The housing market certainly is not what it used to be. I remember buying our first house for $19,700 with a mortgage payment of $330 per month and thinking, “How will we ever pay for this!” Homes today certainly have changed. Lots have become smaller, houses bigger and more luxurious, to follow fashion and function. The price of land has been driven up by development charges and environmental regulations. Add to this the rising taxation rate as the need arises for upgrading old infrastructure and extending services to new areas.
Large centres like Vancouver and Victoria have become very expensive due to lack of new land base. Perfectly good single-family dwellings are being demolished to develop multi-level condominiums. While this creates more accommodation, it does not necessarily create affordable accommodation. This is the challenge for the economy of these centres as people, especially young people starting out, can no longer afford to live and work in them. In many areas we have the working homeless. There are no vacancies and even if there were, their wages would not cover the rent.
In the case of Victoria, we are seeing Langford, Sooke, Mill Bay, Shawnigan Lake and Duncan becoming the bedroom communities for those working there. This means more commuter traffic creating other issues. Nanaimo has become a bedroom community for Vancouver. While housing has increased dramatically in price over the past five years, it is about a third of the Vancouver prices. Harbour to harbour it is only 20 minutes away. With technology being what it is, many work from their homes in Nanaimo and only commute to their office in Vancouver once a week or every other week.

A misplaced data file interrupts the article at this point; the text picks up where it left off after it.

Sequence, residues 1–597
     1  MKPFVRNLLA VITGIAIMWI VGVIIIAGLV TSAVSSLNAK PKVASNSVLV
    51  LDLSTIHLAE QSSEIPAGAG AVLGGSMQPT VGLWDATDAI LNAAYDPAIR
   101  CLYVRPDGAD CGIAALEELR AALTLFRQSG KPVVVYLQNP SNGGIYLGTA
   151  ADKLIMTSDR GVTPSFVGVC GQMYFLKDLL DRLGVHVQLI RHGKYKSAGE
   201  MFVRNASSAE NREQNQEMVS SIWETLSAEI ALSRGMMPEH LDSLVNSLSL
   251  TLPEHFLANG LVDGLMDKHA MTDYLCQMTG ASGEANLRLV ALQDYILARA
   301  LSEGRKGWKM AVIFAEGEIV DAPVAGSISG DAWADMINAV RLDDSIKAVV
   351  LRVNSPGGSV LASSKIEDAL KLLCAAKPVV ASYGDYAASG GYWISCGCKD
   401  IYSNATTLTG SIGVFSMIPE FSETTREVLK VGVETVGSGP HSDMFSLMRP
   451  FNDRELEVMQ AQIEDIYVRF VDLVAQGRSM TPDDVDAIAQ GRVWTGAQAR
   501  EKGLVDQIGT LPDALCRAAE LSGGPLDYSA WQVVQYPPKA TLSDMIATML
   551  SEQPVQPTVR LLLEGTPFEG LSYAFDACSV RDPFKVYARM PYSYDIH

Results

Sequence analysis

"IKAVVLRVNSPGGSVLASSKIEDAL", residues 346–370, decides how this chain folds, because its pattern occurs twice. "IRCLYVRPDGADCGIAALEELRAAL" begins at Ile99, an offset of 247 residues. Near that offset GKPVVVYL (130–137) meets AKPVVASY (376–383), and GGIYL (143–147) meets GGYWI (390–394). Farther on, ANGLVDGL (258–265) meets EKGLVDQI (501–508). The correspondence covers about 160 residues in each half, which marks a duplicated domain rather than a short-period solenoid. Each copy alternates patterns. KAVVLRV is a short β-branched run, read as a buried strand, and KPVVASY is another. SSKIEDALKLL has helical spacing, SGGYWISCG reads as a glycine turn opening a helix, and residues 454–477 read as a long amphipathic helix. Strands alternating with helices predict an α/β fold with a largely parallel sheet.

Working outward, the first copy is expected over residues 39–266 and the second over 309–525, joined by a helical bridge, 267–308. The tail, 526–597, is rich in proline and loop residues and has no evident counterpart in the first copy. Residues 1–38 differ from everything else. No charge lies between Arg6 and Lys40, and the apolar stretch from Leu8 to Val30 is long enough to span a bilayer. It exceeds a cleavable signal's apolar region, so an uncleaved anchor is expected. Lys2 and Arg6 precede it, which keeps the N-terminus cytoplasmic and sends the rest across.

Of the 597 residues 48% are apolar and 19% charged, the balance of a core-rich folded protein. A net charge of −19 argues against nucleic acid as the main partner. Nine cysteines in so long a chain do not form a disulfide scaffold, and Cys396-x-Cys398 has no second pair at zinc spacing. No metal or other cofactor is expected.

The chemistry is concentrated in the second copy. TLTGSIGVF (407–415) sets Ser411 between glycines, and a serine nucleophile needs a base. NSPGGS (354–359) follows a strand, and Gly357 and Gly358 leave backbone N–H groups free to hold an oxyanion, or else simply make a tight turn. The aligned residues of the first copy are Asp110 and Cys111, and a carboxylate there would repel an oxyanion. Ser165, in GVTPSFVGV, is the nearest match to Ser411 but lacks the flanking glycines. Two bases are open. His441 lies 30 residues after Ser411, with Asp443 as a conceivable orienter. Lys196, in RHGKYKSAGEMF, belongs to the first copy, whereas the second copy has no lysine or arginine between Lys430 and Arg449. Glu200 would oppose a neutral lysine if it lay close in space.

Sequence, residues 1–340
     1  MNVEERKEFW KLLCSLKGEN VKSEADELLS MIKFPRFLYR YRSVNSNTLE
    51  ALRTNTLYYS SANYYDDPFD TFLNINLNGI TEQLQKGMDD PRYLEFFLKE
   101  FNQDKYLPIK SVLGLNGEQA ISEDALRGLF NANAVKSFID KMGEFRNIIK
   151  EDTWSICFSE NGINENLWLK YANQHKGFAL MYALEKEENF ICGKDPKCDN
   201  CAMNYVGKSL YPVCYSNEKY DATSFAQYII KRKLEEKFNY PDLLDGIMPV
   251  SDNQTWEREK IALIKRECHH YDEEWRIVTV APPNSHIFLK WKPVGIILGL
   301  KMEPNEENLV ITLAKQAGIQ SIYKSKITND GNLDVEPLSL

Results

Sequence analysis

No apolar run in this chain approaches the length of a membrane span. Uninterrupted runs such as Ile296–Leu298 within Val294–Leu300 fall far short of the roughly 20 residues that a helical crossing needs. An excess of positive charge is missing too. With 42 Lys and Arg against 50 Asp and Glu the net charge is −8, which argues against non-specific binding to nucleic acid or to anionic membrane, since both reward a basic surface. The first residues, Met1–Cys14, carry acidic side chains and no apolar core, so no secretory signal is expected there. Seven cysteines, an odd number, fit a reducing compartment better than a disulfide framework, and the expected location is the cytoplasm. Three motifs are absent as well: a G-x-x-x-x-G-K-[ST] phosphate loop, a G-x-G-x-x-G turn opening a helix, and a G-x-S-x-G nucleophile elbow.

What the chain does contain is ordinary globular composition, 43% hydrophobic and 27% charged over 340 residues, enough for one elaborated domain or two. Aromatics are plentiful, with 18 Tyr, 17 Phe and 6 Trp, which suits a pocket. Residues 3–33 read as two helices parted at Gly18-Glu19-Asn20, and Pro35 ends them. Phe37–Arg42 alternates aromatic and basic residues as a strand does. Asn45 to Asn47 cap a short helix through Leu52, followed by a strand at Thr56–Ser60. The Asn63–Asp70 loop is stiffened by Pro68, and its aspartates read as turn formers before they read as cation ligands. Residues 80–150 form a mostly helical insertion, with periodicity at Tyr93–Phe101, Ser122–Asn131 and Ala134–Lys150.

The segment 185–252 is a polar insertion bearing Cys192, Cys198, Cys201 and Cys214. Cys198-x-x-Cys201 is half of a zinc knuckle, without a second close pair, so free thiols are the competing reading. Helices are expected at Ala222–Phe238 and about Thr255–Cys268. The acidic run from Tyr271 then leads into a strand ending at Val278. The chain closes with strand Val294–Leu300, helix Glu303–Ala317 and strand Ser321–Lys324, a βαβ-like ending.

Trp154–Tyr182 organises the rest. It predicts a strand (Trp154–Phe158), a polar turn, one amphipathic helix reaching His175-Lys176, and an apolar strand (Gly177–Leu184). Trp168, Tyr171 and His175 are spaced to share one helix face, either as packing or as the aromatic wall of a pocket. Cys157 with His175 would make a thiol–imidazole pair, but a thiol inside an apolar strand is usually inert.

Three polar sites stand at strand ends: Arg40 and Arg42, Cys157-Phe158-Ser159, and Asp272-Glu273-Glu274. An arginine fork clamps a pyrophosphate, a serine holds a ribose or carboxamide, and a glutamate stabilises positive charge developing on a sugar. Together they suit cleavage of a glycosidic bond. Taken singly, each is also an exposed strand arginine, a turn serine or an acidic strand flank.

Ladysmith, Chemainus, Parksville, Qualicum Beach, Courtenay, Comox, and Port Alberni are all benefiting from the high cost of housing in the major centres. These are nice retirement communities and those selling in the high market can have a nice ‘nest egg’ to bring to the island and live comfortably. This is evident in the economic growth that is happening in these communities.
Will it continue? Personally, I think it might slow down, but I don’t think prices in the major centres are going to drop to a point where young people will be able to afford to live there and raise families so they will continue to leave to work in other communities. We live in a very special part of the world and we have been discovered so people will continue to relocate here from other parts of Canada.
Can it crash? Absolutely! In 1981 we were living the high life, and some of us got a reality check in 1982 when the bottom fell out of the economy. The personal debt load in Canada is too high according to economists so a 1% rise in interest rates can be devastating for some. In 1982, mortgage interest rates hit 21%!
There are no crystal balls, only economists that can tell you what happened yesterday. Be careful out there!
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